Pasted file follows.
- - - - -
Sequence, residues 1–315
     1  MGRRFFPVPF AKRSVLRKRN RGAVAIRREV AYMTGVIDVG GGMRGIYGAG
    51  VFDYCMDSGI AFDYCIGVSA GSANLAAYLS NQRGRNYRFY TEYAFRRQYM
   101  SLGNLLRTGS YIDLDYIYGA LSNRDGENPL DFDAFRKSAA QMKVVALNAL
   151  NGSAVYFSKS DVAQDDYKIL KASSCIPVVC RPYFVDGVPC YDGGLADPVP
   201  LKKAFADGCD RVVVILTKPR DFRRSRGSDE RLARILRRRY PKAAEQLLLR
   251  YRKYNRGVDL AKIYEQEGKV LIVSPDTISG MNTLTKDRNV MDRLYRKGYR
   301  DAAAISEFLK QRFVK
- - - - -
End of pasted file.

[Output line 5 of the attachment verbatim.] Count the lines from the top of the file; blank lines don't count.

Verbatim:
   151  NGSAVYFSKS DVAQDDYKIL KASSCIPVVC RPYFVDGVPC YDGGLADPVP